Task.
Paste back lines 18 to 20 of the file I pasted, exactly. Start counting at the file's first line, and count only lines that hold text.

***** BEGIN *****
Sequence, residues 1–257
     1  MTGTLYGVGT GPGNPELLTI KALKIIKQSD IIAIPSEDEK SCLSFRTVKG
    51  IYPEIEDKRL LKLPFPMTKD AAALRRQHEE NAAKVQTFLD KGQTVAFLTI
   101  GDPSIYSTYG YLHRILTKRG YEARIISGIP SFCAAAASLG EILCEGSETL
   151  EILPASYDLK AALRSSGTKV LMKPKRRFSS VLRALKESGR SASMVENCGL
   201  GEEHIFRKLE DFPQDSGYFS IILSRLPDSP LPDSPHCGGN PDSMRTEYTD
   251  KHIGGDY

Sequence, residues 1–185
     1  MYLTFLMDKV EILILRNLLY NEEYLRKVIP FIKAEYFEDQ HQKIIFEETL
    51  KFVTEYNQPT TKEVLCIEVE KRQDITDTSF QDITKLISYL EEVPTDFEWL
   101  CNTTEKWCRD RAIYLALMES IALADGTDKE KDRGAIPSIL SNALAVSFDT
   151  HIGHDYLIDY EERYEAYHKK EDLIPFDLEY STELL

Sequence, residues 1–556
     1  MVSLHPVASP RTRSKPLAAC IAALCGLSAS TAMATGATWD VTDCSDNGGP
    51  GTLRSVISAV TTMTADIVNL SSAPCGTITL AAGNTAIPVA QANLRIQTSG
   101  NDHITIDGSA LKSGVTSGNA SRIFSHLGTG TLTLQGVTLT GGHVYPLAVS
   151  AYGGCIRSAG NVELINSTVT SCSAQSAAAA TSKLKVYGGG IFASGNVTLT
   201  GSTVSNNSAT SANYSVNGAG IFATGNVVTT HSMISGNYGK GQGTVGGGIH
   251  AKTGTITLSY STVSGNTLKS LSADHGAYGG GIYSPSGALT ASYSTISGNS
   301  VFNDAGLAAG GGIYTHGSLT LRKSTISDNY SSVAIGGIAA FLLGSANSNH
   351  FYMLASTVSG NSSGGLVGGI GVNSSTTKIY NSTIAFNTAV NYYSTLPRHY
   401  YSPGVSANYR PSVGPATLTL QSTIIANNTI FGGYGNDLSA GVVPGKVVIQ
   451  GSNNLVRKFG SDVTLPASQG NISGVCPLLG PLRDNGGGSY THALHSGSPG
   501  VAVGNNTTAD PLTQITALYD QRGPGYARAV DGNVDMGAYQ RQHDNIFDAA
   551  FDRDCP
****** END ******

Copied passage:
   201  GSTVSNNSAT SANYSVNGAG IFATGNVVTT HSMISGNYGK GQGTVGGGIH
   251  AKTGTITLSY STVSGNTLKS LSADHGAYGG GIYSPSGALT ASYSTISGNS
   301  VFNDAGLAAG GGIYTHGSLT LRKSTISDNY SSVAIGGIAA FLLGSANSNH